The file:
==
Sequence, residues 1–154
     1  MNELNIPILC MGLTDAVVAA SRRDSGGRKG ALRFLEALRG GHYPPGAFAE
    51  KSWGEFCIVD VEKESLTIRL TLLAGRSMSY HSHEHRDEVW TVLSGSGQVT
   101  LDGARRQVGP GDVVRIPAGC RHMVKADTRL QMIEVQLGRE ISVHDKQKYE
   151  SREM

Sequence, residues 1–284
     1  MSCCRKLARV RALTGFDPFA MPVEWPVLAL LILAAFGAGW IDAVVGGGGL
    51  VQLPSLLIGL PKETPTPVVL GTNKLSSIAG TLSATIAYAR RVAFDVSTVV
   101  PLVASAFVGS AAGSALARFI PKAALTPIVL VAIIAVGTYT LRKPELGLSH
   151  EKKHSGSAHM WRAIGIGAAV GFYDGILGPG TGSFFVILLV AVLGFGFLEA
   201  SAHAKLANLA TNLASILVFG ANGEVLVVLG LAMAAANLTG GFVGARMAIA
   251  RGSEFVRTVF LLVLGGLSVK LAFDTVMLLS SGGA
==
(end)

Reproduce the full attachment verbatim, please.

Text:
Sequence, residues 1–154
     1  MNELNIPILC MGLTDAVVAA SRRDSGGRKG ALRFLEALRG GHYPPGAFAE
    51  KSWGEFCIVD VEKESLTIRL TLLAGRSMSY HSHEHRDEVW TVLSGSGQVT
   101  LDGARRQVGP GDVVRIPAGC RHMVKADTRL QMIEVQLGRE ISVHDKQKYE
   151  SREM

Sequence, residues 1–284
     1  MSCCRKLARV RALTGFDPFA MPVEWPVLAL LILAAFGAGW IDAVVGGGGL
    51  VQLPSLLIGL PKETPTPVVL GTNKLSSIAG TLSATIAYAR RVAFDVSTVV
   101  PLVASAFVGS AAGSALARFI PKAALTPIVL VAIIAVGTYT LRKPELGLSH
   151  EKKHSGSAHM WRAIGIGAAV GFYDGILGPG TGSFFVILLV AVLGFGFLEA
   201  SAHAKLANLA TNLASILVFG ANGEVLVVLG LAMAAANLTG GFVGARMAIA
   251  RGSEFVRTVF LLVLGGLSVK LAFDTVMLLS SGGA